Since the drought in 2011, the gopher population has exploded and we had just about given up all hope of getting rid of them.
There are gopher mounds as far as the eye can see in nearly everyone's fields.
Then our neighbor came to us with these traps, claiming he is winning the gopher war on his property, having trapped over 400 since November. He loaned us some of his traps and showed Tom how to set them and here's how it works.
First, find a gopher mound, which is obviously no problem.
The pasture denizens were very curious about this procedure. Even the horses across the road were curiously watching.
Then scrape away the mound until you find the gopher's tunnel. You can see the beginnings of it right there in the middle of the picture.
Clear the tunnel opening.
For whatever reason, the gopher doesn't like his tunnel to be exposed, so it will soon come to repair the hole that has been cleared.
This is the trap.
I watched Tom set it by pinching it open and flipping the wires around somehow.
Slide the trap into the tunnel.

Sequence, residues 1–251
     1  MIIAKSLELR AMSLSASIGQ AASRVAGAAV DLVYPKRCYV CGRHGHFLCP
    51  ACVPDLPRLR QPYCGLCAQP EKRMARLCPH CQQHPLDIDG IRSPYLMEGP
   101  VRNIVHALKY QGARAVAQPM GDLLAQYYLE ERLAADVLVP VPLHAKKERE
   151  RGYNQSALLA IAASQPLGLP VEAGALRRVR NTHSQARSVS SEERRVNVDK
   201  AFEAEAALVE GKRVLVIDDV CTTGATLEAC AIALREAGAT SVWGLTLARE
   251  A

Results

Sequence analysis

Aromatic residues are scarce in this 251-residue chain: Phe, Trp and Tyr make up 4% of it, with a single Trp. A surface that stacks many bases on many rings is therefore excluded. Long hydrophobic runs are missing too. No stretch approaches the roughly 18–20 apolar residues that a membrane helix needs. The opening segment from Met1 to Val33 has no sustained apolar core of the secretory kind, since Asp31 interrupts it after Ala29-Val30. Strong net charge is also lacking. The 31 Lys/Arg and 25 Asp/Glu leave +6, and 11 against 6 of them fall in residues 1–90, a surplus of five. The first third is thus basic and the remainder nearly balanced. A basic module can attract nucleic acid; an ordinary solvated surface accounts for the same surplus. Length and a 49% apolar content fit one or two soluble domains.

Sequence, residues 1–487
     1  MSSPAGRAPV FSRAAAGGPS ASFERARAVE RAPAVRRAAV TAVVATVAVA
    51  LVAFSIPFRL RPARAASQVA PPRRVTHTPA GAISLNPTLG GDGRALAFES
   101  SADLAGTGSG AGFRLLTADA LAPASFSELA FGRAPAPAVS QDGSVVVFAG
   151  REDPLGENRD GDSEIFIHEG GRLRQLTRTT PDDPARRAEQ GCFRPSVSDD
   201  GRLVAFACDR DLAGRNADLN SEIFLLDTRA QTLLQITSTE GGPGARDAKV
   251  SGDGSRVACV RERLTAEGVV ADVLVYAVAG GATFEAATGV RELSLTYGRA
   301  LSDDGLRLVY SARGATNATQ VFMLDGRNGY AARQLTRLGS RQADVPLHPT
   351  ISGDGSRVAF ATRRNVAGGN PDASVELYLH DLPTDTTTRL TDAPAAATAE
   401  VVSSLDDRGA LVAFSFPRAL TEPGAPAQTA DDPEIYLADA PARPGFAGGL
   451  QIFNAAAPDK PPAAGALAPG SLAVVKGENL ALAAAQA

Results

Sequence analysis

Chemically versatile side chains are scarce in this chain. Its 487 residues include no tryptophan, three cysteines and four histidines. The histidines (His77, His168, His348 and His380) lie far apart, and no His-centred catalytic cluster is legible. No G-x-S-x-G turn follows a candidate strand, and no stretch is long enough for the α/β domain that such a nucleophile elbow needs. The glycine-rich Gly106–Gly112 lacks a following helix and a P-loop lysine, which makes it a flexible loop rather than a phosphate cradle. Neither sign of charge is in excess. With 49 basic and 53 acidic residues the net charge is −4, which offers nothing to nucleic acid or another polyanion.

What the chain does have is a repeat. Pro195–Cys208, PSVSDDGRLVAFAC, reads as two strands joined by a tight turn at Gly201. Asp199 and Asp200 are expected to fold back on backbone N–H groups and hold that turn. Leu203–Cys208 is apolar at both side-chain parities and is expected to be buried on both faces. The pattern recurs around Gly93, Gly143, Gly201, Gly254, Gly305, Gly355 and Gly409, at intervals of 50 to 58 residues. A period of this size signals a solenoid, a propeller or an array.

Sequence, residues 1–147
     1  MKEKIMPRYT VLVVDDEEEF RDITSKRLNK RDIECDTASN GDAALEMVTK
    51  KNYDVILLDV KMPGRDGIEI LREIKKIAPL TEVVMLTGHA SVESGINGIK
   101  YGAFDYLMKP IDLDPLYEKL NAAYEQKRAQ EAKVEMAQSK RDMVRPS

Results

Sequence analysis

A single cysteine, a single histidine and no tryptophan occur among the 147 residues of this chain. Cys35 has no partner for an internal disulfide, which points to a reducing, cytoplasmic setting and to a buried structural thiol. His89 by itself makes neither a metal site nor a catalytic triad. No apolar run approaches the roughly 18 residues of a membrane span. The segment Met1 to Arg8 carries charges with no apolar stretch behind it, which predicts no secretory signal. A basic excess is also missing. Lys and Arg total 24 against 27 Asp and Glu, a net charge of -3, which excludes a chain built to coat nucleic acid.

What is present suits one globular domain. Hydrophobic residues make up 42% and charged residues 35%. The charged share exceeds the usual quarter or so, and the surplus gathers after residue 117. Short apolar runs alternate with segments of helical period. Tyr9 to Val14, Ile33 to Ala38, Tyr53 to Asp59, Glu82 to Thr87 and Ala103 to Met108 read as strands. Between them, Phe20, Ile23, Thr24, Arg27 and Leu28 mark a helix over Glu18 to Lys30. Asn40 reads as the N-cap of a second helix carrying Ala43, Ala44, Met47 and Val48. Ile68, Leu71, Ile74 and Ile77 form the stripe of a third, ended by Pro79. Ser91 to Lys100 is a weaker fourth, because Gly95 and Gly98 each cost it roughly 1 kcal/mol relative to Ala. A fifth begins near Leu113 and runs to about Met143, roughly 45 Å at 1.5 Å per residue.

Push it in good and adjust the pin so that it is "hair triggerish".
Our neighbor showed Tom how to set the traps for the first time two days ago and there are now three fewer gophers digging up our hay field. As much as I don't want the gophers messing up our property, it still was hard for me to see them in the trap and I couldn't post the gruesome picture I took. Ew. I just hope it was a quick death.
We probably won't have to buy dog food for a while. Harry gladly disposes of the gophers for us.
So, if we (by "we", I mean "Tom") set several traps a day, it should just take about a half an hour a day to empty and reset them, which is way better than hours of truck idling and hose dragging.
Looks like this is going to be part of Tom's daily routine for the coming months.